- Editors’ Note
We are pleased to publish the second issue of volume nine of Narrative Inquiry in Bioethics (NIB). This symposium includes 12 personal narratives from healthcare professionals who provide care in rural and prairie communities. Three additional narratives are available in the online supplement. Ann Freeman Cook and Helena Hoas have spent more than 20 years conducting bioethics research in rural and prairie communities and served as the narrative symposium editors for this issue. Cook and Hoas, along with the NIB editorial staff, wrote the call for stories and invited Jacqueline J. Glover and Lisa M. Lee to write commentary articles on these narratives. The symposium editors also provided a commentary for the issue. The commentary authors are experts in health care delivery challenges, rural and clinical bioethics, and bioethics education.
This issue includes two research articles and two case studies. The first research article was written by Eva De Clercq and Jürg Streuli and is entitled “Special Parents for ‘Special’ Children? The Narratives of Health Care Providers and Parents of Intersex Children.” The authors conducted 19 semi-structured interviews with health care providers and parents of intersex infants or infants with DSD (differences or disorders of sexual development). The study sought to confront a paradox—though medical guidelines suggest a cautious approach when it comes to surgical interventions in these cases, little evidence exists that surgical interventions are delayed in most countries. By sorting narratives from the interviews into sociologist Arthur Frank’s narrative “types” (i.e., restitution, chaos, and quest), the researchers aimed to uncover the sociocultural narratives that influence the patients’ and caregivers’ views of illness.
The second research article, “Patient Experiences with the Use of Telephone Interpreter Services: An Exploratory, Qualitative Study of Spanish-Speaking Patients at an Urban Community Health Center,” was written by Maria Garcia-Jimenez, Alessandra Calvo-Friedman, Karyn Singer, and Michael Tanner. The researchers recruited Spanish-speaking patients with limited English proficiency (LEP) who had used telephone interpreter services (TIS) in a clinical encounter in the last twelve months to better understand patient experiences with TIS. The study is important because LEP is one of the leading contributors to racial and ethnic health disparities.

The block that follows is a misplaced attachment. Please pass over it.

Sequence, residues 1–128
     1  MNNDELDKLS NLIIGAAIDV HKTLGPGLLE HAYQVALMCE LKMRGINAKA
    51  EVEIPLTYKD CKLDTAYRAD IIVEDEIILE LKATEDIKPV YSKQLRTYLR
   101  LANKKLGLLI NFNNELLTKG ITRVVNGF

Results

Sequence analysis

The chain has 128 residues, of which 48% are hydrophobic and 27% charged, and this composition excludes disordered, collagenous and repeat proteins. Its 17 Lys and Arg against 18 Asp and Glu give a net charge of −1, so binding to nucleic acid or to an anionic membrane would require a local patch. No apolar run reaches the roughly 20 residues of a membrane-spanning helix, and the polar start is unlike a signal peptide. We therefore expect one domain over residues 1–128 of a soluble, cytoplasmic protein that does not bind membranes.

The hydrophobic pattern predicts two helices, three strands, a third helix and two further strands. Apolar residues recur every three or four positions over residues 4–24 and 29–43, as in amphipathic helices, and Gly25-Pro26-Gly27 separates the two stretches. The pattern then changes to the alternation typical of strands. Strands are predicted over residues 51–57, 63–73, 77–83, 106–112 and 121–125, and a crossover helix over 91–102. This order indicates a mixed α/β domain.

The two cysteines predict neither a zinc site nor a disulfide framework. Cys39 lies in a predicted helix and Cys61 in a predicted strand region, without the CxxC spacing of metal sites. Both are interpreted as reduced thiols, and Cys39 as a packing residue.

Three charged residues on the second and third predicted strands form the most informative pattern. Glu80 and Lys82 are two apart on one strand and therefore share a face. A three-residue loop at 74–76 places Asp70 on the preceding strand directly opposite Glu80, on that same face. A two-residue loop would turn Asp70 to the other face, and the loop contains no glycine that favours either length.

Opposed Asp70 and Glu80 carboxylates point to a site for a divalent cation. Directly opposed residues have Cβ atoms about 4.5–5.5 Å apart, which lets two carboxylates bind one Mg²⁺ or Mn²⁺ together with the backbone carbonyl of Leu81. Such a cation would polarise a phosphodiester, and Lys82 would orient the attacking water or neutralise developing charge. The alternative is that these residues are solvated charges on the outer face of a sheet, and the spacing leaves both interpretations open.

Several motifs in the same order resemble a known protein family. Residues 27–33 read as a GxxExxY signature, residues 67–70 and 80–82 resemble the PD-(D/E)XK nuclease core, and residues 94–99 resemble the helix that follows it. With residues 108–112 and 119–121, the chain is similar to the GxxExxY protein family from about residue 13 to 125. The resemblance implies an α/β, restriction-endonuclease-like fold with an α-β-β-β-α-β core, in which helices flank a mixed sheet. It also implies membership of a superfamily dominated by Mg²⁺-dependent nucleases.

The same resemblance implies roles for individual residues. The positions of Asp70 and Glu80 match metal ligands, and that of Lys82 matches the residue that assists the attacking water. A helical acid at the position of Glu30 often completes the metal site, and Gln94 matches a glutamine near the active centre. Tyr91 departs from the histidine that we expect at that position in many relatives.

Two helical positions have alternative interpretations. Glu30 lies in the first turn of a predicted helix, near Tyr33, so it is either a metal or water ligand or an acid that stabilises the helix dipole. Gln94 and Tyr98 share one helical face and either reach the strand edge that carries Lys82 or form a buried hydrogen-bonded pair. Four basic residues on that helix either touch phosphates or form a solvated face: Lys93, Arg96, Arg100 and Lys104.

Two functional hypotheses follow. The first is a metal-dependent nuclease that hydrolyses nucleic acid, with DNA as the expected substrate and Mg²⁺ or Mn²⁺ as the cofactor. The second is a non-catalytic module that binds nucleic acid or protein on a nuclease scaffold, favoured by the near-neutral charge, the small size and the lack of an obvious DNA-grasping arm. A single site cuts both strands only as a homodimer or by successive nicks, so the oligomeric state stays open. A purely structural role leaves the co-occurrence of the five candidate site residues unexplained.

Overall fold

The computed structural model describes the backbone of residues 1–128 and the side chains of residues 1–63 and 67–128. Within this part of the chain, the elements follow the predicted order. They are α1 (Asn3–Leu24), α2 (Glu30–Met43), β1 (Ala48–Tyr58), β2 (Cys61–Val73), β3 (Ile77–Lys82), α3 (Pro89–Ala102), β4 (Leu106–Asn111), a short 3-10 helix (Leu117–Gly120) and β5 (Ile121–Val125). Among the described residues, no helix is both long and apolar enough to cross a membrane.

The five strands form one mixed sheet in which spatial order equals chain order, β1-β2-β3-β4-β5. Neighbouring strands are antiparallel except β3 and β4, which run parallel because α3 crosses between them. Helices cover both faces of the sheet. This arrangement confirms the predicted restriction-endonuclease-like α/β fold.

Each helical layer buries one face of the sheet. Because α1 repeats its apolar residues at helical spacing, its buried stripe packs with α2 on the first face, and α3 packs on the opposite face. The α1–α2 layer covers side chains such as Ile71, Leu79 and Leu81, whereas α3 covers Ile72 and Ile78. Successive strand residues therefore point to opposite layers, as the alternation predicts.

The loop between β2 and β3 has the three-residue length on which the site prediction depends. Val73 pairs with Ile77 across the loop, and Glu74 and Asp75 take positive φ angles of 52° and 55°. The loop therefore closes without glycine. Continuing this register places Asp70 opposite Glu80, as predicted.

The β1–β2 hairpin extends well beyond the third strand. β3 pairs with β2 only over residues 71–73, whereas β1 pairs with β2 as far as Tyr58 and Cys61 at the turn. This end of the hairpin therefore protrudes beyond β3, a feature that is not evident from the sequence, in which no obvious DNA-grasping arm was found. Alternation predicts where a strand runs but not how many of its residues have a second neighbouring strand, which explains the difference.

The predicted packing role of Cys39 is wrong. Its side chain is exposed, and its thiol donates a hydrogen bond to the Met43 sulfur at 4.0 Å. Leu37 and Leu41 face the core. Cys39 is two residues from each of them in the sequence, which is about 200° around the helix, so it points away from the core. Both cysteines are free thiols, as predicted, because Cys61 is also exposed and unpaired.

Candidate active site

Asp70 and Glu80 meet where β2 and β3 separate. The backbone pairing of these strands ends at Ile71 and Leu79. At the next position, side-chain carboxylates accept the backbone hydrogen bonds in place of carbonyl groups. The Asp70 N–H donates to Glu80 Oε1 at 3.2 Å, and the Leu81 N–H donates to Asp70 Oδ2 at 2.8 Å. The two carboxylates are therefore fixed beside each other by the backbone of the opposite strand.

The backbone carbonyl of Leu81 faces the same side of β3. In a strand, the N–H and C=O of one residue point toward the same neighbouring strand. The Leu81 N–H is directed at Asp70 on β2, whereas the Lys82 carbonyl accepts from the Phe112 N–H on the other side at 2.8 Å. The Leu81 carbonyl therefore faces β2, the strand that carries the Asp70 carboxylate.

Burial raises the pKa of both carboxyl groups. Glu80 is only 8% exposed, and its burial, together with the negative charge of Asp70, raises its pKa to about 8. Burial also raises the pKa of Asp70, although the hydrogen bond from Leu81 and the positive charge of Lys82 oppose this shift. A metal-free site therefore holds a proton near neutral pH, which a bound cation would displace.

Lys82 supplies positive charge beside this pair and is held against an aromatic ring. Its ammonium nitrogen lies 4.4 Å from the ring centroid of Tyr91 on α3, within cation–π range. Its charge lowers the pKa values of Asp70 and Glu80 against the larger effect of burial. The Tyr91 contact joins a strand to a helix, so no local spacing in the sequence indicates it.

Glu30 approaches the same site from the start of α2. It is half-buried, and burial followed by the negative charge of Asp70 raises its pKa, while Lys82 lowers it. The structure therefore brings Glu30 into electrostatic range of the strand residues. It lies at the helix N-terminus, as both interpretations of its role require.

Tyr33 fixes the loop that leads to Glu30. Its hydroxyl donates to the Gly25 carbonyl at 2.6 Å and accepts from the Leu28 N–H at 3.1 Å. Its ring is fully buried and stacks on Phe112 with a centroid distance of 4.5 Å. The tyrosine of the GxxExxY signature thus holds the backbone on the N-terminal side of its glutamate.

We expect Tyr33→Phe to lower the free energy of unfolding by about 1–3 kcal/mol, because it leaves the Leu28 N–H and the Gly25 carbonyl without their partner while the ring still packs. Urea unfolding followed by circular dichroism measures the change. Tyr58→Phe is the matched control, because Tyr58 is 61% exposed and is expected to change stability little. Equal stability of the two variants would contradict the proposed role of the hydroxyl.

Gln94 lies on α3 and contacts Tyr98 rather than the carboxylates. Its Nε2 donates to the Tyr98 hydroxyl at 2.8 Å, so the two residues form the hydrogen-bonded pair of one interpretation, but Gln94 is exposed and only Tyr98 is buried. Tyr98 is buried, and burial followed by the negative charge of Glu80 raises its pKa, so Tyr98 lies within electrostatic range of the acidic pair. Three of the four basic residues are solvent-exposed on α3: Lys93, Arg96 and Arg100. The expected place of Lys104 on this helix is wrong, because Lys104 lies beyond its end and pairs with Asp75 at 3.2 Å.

The first case study in this issue was written by Nico Nortjé and is entitled “Speaking for Our Father.” The case is about a man diagnosed with cancer of the tongue. His wife of 40 years recently died after battling cancer herself. After his wife’s death, the man discussed with his adult sons that he believed not enough had been done to try and cure their mother and that if ever he was in the same situation, the man would not give up so easily. The man undergoes treatment for his cancer and suffers complications that put him in the ICU. He is intubated but able to communicate by writing on a whiteboard. Still recovering from the grief and trauma of losing their mother, the sons face the hard choice of adhering to their father’s living will, which indicates that he would like to exhaust all possible [End Page v] treatments, or following a written bedside decree communicated to the nurses that he is finished fighting. The father’s mental status worsens before the sons are able to verify his wishes. The two brothers cannot agree whether to follow the living will or take to heart this new decree. An ethicist is called in by the health care team and seeks to understand the right course of action based on three strong principles the father holds: courage, honor, and pride.
The second case study “Getting to the Heart of the Matter: Navigating Narrative Intersections in Ethics Consultation” was written by Leslie A. Kuhnel. The author describes the web of narratives uncovered during a particular ethics consultation. A young single mother and athlete adamantly refuses surgery after suffering multiple heart attacks. She is determined to “be strong” and return home to her daughter. The doctor, acutely aware of the risks (and unwilling to compromise his professional integrity) insists on the necessity of the surgery. Finally, the ethics consultant admits to her own sticking points...